EDUC 210: Foundations & Principles of Education, Classrooms & Teaching (1 unit) The potential teacher must understand the nature of the diverse and inclusive classroom of today. Against a background of historical, philosophical and social perspectives, students will examine the roles teachers play, their responsibilities, and the dynamics of the classroom of the twenty-first century. A 30 clock-hour placement in various schools and other child/adolescent institutions will accompany this course.
CS 322: Database Programming and Connectivity (1 unit) This course in computer applications is the intermediate learning community in conjunction with ED 414: Methods & Curriculum Development for Inclusive Middle Childhood Education Grades 4-8 for students pursuing teacher preparation. This learning community integrates the various components of a middle school classroom such as literacy development, curriculum, classroom management, instructional strategies, and assessment with the techniques of designing Database Management Systems and interfacing them using Programming language JAVA for easy but controlled access from the World Wide Web. By taking these two courses simultaneously students will learn to build a Database Management System (DBMS) interfaced with the World Wide web as part of their middle school (4-8) interdisciplinary thematic unit. Developing their DBMS in conjunction with their thematic unit will be a semester long project on which students will work in both learning community courses in a synchronized manner. During the latter part of the second half of the semester, students will work in a middle level classroom setting during their practicum or field experience. At this time, students will have the opportunity to test out their DBMS with middle school students and evaluate the application and successful use of the DBMS that they have created.
EDUC 326: Teaching & Learning for the Inclusive Setting (1 unit) This course examines the different ways people learn as a means to understand how we should teach. Those theories of teaching offered by both psychologists and philosophers that have impacted most upon educational practice will be studied with a view also to understand the extent to which they support educational models of inclusion. Students will have practice identifying and employing strategies that foster the learning of all students including critical thinking techniques and cooperative learning methods. A 30 clock-hour placement in an inclusive classroom is coordinated with this course, offering teacher-aide experience at a level appropriate to the major or field of teaching endorsement with emphasis upon the development of tutorial, remedial or supervisory relationships with students from diverse backgrounds with diverse abilities. Special attention is given to observe the dynamics of the classroom in terms of the theories and strategies discussed in EDUC 210.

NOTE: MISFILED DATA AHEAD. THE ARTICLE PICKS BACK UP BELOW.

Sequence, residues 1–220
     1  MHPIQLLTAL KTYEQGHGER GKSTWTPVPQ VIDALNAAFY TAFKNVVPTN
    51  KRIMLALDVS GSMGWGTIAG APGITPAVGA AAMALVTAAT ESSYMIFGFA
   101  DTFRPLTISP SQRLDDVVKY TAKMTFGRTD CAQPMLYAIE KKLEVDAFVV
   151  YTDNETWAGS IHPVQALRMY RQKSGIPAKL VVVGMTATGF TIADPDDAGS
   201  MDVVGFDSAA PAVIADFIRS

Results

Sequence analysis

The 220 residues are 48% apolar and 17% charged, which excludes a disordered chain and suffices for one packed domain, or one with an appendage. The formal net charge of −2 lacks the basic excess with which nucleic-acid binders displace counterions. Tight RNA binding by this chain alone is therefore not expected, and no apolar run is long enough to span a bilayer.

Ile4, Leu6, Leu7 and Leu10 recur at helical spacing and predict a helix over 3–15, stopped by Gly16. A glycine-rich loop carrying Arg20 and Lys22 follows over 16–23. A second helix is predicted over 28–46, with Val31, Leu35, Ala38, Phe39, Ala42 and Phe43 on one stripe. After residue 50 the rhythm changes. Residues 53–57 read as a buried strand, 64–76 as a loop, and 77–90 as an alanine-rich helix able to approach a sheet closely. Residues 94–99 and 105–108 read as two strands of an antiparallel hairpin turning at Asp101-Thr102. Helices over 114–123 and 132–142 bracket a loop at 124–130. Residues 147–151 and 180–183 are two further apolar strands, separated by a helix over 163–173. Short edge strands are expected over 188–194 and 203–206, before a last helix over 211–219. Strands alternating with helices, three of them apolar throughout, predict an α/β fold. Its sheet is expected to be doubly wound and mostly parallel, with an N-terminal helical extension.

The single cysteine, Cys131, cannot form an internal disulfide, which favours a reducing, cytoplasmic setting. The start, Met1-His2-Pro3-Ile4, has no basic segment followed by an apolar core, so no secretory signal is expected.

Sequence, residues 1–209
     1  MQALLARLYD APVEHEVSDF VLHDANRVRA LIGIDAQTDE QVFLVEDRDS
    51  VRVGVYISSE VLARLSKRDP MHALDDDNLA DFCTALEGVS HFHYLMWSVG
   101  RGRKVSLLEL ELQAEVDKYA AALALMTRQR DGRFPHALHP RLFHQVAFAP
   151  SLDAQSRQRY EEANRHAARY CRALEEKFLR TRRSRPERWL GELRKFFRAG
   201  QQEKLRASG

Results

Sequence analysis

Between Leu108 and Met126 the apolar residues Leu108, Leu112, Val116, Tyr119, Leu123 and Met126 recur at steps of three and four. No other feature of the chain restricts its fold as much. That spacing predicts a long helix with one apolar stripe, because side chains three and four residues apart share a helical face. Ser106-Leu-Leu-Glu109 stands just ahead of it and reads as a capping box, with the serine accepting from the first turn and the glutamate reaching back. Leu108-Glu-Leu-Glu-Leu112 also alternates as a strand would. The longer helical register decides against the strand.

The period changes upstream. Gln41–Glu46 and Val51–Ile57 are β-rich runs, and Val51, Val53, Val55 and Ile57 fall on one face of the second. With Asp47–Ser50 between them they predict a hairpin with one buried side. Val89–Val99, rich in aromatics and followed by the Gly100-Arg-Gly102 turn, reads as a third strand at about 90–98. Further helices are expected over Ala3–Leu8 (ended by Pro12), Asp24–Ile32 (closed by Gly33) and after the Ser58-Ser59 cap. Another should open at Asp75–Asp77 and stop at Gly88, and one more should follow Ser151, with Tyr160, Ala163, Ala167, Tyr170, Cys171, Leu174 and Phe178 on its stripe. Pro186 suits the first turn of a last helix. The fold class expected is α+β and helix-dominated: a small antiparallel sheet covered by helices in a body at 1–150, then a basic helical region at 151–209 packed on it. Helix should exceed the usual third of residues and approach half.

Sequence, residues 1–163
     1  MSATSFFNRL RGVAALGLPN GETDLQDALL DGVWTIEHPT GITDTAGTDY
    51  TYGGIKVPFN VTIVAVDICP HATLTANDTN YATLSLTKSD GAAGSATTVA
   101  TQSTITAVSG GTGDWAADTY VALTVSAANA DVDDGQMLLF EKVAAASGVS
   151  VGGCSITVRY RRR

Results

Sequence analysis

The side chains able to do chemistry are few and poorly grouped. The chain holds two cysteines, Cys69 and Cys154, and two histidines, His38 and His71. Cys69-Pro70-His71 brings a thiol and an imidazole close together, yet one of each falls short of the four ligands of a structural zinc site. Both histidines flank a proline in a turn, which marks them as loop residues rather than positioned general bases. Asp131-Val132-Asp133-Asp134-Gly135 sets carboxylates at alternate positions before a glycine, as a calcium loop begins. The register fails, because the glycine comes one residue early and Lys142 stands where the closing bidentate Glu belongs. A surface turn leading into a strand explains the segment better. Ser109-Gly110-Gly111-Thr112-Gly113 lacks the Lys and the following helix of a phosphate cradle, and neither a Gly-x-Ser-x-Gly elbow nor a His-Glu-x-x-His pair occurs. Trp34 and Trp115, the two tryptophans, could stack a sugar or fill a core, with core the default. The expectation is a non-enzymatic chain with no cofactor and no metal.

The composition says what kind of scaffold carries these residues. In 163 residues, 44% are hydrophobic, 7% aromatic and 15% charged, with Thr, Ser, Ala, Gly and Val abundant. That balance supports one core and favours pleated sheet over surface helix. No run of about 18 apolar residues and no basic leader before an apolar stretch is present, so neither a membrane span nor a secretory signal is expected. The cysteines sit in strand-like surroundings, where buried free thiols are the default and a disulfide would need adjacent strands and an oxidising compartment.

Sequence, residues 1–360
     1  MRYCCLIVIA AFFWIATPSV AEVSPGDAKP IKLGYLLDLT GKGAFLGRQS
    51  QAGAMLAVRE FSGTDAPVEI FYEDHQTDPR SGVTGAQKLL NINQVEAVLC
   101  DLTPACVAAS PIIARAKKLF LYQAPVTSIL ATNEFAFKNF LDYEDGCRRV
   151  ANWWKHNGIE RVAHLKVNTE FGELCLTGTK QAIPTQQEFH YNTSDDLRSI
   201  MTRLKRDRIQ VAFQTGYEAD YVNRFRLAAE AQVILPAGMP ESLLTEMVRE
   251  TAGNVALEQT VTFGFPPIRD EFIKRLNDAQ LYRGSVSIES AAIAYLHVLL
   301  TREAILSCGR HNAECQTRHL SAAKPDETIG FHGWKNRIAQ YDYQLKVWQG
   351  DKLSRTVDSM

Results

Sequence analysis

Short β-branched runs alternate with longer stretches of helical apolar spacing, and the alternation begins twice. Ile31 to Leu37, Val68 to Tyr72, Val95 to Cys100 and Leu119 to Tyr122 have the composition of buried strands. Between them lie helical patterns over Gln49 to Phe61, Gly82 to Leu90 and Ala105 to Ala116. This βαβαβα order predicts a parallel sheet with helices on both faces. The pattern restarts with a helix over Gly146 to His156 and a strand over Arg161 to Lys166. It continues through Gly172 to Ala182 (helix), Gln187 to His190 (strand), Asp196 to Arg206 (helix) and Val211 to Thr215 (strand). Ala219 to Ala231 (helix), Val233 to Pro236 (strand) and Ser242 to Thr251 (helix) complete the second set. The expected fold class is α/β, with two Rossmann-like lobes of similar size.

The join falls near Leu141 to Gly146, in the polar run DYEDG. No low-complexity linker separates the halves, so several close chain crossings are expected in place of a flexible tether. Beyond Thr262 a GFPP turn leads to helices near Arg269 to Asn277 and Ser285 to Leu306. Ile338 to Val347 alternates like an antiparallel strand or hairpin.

EDUC 335: Assessment, Evaluation and Technology in the Classroom (1 unit) This course is designed to be an introduction for pre-service teachers in the field of education assessment and accountability. The course will introduce education students to elements of traditional assessment, including record keeping, grading, objective and essay testing, theories of validity, as well as authentic and portfolio assessment. The keeping of anecdotal records, mainstreaming, heterogeneous groupings, and inclusion will also be a component of this course. The course will also include components of learning and assessment through technology. Students will be expected to design, implement, and assess a unit using technology.
EDUC 399: Math & Science for Childhood Education (1 unit) This is a team taught course that focuses on curriculum and methodological practices in mathematics and science education for children in grades 1-6. The course will cover content specific to the math and science components for Childhood educators as specified in the NYS Regents Students Learning Standards. Students develop strategies of teaching math and science that emphasize the problem solving approach, develop curriculum that meets the NCTM, NSTA, and CEC standards, learn to incorporate writing across the math and science curriculum, develop hands-on activities, as well as create and implement rubrics that assess math and science learning. In addition, students will develop the ability to integrate science and mathematics within an interdisciplinary and inclusionary curriculum without neglecting the integrity of both disciplines.
EDUC 403: Music for Early/Middle Schools (1 unit) Concepts, methods and materials used in the teaching of music in the elementary school. Methods and materials used for teaching of general music in the middle school.